Computer networking professionals have a variety of duties and responsibilities. Some design and build new networks, while others are charged with maintaining and servicing existing networks. Still others are involved in developing and deploying new network technology, as cables and wires are replaced by transmitters and satellites while physical networks are increasingly virtualized.
There’s quite a bit of work to be done, and only so many hours in the day. Are we pushing the current workforce too hard? A shade more than half of those we surveyed either agree (29.1 percent) or strongly agree (21.2 percent) that they are overworked. Roughly one-third (32.2 percent of respondents) took a neutral position, while 17 percent either disagree (14.6 percent) or strongly disagree (2.6 percent) that they have too much on their plate.
For most certified networking professionals, the tasks they perform are complex and engaging. Nearly 73 percent either agree (53 percent) or strongly agree (20.5 percent) that their work is challenging, with a further 21 percent taking a neutral position. That leaves just 5 percent who either disagree (4 percent) or strongly disagree (1.3 percent) that their daily duties require exceptional effort.
We did ask one question that touches on the broad issue of compensation. Generally speaking, are certified networking professionals satisfied with their current salary? A bit more than one third either agree (33.8 percent of respondents) or strongly agree (5.3 percent) that their current salary is satisfactory, while 27.8 percent took a neutral view, and roughly one-third either disagree (23.3 percent) or strongly disagree (9.9 percent).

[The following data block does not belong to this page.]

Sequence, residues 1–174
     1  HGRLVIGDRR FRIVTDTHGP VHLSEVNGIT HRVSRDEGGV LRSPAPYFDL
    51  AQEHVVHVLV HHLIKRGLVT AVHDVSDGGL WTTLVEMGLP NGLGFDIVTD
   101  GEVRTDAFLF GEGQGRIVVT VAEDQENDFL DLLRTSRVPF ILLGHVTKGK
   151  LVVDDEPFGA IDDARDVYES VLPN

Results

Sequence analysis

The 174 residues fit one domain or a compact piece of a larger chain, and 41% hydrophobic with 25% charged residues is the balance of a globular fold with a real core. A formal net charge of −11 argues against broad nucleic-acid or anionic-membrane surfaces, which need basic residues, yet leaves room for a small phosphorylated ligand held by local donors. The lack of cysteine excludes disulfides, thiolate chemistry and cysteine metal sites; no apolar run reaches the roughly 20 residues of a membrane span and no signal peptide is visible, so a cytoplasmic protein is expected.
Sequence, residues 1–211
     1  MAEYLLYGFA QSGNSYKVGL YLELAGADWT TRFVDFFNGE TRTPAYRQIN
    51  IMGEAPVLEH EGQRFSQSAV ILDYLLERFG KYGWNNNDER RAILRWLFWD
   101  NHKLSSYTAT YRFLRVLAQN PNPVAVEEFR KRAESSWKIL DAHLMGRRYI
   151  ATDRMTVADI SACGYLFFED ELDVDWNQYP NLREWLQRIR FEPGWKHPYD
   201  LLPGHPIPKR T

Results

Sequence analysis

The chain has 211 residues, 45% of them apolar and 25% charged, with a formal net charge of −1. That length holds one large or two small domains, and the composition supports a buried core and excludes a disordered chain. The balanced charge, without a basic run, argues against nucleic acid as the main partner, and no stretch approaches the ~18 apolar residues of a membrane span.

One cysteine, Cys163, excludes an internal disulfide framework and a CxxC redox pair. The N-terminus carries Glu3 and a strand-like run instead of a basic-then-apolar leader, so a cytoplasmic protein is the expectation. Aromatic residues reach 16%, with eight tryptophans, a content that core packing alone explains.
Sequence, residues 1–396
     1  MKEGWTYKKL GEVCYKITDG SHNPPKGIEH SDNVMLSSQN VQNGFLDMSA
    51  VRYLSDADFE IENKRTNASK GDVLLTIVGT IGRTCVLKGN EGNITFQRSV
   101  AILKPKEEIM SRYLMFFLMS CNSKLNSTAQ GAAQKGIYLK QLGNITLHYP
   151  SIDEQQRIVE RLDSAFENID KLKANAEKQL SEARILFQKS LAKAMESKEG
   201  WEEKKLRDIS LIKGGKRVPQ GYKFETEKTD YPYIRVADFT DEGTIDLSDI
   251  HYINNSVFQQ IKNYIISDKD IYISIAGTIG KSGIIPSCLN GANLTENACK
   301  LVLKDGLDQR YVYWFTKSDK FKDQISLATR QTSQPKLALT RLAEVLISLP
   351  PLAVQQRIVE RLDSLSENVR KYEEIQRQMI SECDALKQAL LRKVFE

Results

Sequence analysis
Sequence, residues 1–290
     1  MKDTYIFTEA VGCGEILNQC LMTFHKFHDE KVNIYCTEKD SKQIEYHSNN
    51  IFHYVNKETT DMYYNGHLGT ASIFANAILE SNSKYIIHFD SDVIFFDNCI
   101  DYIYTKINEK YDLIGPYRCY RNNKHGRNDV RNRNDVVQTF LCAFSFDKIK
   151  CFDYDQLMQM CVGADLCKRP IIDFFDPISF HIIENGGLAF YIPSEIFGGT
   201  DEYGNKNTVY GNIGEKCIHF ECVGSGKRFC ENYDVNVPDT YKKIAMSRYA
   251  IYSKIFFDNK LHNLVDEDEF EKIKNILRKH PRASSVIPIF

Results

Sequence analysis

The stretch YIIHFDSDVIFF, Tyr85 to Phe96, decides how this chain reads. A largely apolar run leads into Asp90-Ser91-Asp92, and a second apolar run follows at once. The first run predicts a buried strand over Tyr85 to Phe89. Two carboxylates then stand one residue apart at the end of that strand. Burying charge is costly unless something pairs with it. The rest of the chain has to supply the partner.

Certification = Employment
Certification has been prevalent in the networking realm for decades. Indeed, there are key “gateway” certs that directly address networking. There are plenty of jobs to be had, of course, for those who come by their knowledge of networking without certification. Yet a significant 42 percent of respondents say they were required to hold one or more networking credentials in order to accept their current job.
Even in cases where certification is not required, it’s likely to be a factor in any hiring decision that gets made. Asked to estimate the impact of certification on being hired at their current job, 49.7 percent of certified networking professionals said it was either influential (17.2 percent) or very influential (32.5 percent), with an additional 24.8 percent reporting that certification was at least somewhat influential.
It’s also true that many choose to get certified with an eye on future employment. Setting aside the popular rationales of gaining skills and increasing compensation, we asked those surveyed to name the two most important benefits of getting a certification.
Three of the top four responses are directly employment-related. The most popular choice is “Gain greater confidence in my own skills. The next three, however, are “Gain qualifications for a future job,” “Improve or confirm my qualifications for my current job,” and “Become eligible for positions of greater responsibility with my current employer.”
Workplace and Education
Nearly every business needs some degree of networking support or implementation in 2018. According to our survey audience, however, a sizeable chunk of the computer networking jobs available are focused in three workplace sectors: computer or network consulting (16.3 percent of those surveyed), education (13.7 percent), and systems or network integration (9.2 percent).
Other popular employment sectors include government (8.5 percent of respondents), finance (8.5 percent), telecommunications (6.5 percent), software (4.6 percent), and health or medical services (4.6 percent).
For teens and young adults who are considering computer networking as a potential career, definitely don’t rule out higher education. Among sur vey respondents, 77 percent pursued their formal education far enough to hold some level of university degree, including 32.9 percent who topped out with a bachelor’s degree, and 31.1 percent who went one step further and claimed a master’s degree.
There’s more information to come from our survey. Over the coming months, we’ll be posting additional findings online at CertMag.com, where you can also find ongoing dispatches from our 2018 Salary Survey.
TABLE TALK : How satisfied are certified computer networking professionals with their training and certification experience?